Amongst the clouds of midmorning, we arrived in Perseverance Harbour, the flooded crater of the once active volcanic caldera of Campbell Island. The island had a brooding feeling with a fierce wind sweeping over the tussocked hills. On board, we were busy breakfasting and completing biosecurity precautions to prevent contamination of the local flora and fauna. Our guests diverged with one group taking a long walk to the other side of the island, while the other group took a shorter walk followed by a Zodiac cruise to view the harbour’s amazing natural and historical features.
The day’s excursions went very well despite high winds that buffeted hikers on the ridgelines. Southern royal albatrosses soared everywhere, and we spotted many on nests across the island. We were on the lookout for the Campbell Island teal that was thought to be extinct until 1975. We spotted many alongside the Campbell Island snipe.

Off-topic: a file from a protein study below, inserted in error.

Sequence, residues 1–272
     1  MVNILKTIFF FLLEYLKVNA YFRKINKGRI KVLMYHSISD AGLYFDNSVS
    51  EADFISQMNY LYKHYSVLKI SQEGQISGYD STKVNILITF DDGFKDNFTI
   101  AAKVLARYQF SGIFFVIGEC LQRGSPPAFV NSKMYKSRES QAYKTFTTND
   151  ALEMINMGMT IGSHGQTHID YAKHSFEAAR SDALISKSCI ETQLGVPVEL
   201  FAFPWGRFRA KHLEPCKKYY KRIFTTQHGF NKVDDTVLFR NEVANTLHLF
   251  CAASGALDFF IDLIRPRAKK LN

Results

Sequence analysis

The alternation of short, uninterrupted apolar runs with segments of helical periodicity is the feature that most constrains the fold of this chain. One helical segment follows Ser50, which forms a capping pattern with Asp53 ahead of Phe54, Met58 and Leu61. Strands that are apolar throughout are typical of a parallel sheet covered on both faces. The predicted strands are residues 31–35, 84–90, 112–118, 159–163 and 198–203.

It was a joy to visit Campbell Island in the Southern Ocean. Some of us got to meet researchers posted on the island, offering them a break from their isolation. A big day was had by all after quite a lot of hiking. Everyone was in good spirits as we left the caldera and sailed north towards the main islands of New Zealand.